This will appear in the Bernice Banner, Bernice, Louisiana, USA, the week of 4/20/2015

One of my most favorite holidays is Independence Day, the day that we celebrate as the signing of the document that was viewed as an act of tyranny by Great Britain but viewed by Americans as the document that threw off the yoke of tyranny. At the time of the signing the colonist was divided. One third of the citizens believed the declaration to be just and they supported it, one third believed it to be unjust and did not support it and one third could care less and had no opinion.
On April 19th, 1775, fifteen months before the signing of the Declaration of Independence, a rag tag group of Massachusetts militia stood tall in front of the greatest army in the world at that time. Someone fired a single shot that is referred to as the shop heard round the world. No one even knows which side fired it. What is known is that this one shot caused both sides to open fire and the war was on.
This militia was coined as the Minuteman and later morphed into what we now know as the Army National Guard.
We have heard so many stories about this day in American history. The mid-night ride of Paul Revere. The lantern in the belfry that declared “one is by land, two if by sea”. All of this has become a part of our culture. What is not known is that there is a day to honor this day in history that is every bit as important as Independence Day. April 19th is the official day first designated as Patriots Day and is now celebrated on the third Monday in April. Only two states officially celebrate the holiday, Massachusetts and Maine. Wisconsin and Florida law encourages the celebration of the day but it is not a legal holiday there.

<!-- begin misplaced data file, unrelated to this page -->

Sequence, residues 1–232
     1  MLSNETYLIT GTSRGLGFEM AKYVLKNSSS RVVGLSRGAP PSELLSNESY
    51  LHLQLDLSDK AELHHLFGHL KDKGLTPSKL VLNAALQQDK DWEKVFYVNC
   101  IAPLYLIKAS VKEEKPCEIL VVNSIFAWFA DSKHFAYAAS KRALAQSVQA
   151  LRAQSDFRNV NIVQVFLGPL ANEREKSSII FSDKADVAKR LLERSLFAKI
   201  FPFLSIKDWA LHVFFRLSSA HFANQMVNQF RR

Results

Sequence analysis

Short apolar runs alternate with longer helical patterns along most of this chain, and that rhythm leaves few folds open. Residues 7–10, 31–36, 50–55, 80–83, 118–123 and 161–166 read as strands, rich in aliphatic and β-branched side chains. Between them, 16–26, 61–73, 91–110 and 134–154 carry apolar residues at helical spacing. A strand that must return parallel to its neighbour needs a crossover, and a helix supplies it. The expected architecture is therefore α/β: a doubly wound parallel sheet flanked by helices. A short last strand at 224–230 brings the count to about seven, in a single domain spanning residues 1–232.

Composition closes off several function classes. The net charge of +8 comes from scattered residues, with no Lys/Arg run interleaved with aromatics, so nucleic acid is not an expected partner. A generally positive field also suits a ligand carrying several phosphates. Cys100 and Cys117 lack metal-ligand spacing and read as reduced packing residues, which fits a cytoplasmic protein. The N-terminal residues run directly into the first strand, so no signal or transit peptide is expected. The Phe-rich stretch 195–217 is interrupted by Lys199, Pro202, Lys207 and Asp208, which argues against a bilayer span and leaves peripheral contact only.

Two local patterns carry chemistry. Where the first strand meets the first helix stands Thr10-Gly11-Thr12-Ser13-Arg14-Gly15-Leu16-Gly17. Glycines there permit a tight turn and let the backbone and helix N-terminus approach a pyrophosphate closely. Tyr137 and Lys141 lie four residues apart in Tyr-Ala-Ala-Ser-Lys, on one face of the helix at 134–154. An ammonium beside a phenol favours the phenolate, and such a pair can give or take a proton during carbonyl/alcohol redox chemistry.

For the holiday, Massachusetts holds re-enactments to include pitched battles and Paul Revere’s and William Dawes famous rides. Boston has expanded its’ celebration to include an athletic event. Two years ago the event took on an even more patriotic meaning as two terrorist set bombs that kill and maimed bystanders at the Boston Marathon.
While patriots are thought of as revolutionaries wearing the triangle hats and carrying a musket. In fact this is far from the truth. The definition of a patriot is “someone who feels a strong support for their country”. Patriots surround us today. Any man or woman that puts on a military uniform with an expectation to be ready to go to war is a patriot. Anyone that stands up and places a hand on a heart and looks at the American flag, possibly with a lump in the throat, is a patriot. A person that stands up for what is right and just in accordance with what the founding fathers envisioned is a patriot.
Wouldn’t it be nice to expand the Patriot’s Day that is celebrated in two states to honor the men that started the revolution that led to the building of the most magnificent country in the history of the world? Expand this day to honor all patriots, both living and dead, that love our magnificent country and declare it to be a national holiday. It would only be fitting.


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